Throughout career highs and lulls and through confidence and fear, Osmond has always been able to depend on longstanding fans to turn out for his live performances. He has also gained new audiences through an array of projects showcasing his versatility.

In 1992, Osmond got positively biblical, taking on the role of Joseph in Andrew Lloyd Webber’s smash musical “Joseph and the Amazing Technicolor Dreamcoat.” He toured the country with the production for six years and was selected by Webber to star in the 1999 film version of “Joseph.” While Osmond says reprising the role is “not in the cards,” he’s working on a project he hopes will eventually turn into a touring musical.

In 1998, he provided the voice for Shang in the Disney movie “Mulan,” promising the incognito female title character “I’ll Make a Man Out of You.” And in 2009, Osmond showed he was as fast on his feet as he is at home at the mic when he won the ninth season of “Dancing with the Stars.”

Osmond can now qualify for a senior discount at IHOP, but he is still in possession of the boyish good looks that have spawned many a swoon. Clean living and those famous Osmond genes can account for some of his age-defying ways, but the performer also chalks his fitness up to a couple of stops on his winding career path.

“I had to wear a loincloth for ‘Joseph,’ so that got me to the gym,” Osmond said. “And when I was on Dancing with the Stars, that kept me in shape. It was tough. It took a lot of work. The show is so hard, it brings athletes to their knees and in tears.”

It’s inevitable. Someone reading this article is saying, “I used to have the biggest crush on Donny Osmond.” The performer hears it all the time, especially while he is engaging with fans on social media.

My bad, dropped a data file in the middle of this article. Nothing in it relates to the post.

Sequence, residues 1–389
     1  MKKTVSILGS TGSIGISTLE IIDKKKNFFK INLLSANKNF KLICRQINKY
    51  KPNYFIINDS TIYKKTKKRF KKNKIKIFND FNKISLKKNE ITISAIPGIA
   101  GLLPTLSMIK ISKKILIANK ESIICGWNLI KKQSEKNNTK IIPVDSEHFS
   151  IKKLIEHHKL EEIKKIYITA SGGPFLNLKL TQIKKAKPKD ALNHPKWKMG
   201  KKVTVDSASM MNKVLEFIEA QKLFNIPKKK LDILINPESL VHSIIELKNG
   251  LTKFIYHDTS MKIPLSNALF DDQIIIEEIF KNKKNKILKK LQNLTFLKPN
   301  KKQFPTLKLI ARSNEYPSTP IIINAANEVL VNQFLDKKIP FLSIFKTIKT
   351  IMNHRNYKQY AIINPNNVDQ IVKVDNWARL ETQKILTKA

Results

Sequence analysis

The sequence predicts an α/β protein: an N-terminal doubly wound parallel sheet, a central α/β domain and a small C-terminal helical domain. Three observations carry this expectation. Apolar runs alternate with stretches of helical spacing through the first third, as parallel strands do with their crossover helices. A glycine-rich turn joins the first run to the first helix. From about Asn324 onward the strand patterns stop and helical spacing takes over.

“That’s what’s so cool. These people want to hear the songs they grew up with,” he said. “I’ll give them ‘Puppy Love.’”

In fact, fans got a treat a couple years ago when Osmond and Paul Anka, who penned the original 1960 song, both happened to be at Mandalay Bay for a David Foster show. Foster called Osmond and Anka up and cajoled them into performing a duet of “Puppy Love,” truly a once-in-a-lifetime moment for the crowd.

Osmond takes in live shows as often as possible, not just to scope out the competition but because he is first and foremost a music aficionado. In January 2015, he hand-picked and engineered 14 tracks for his 60th album, which he called “Soundtrack of My Life.”

On the record, he performs songs he’s found especially meaningful, ranging from Stevie Wonder’s “My Cherie Amour,” the first record he ever bought, to Peter Gabriel’s “Don’t Give Up,” which Osmond’s wife used to play for him when he needed encouragement.

“It was a difficult decision to make, doing an album of songs that influenced my life,” he explained. “I started with a list of at least 200 songs, then narrowed it down. It was a challenge, because these are pretty sacred songs. Also, I didn’t want to just do a copy—that’s like plagiarism—but you can’t go too far.”

How long did it take him to come up with the playlist?

“About 50 years,” he joked.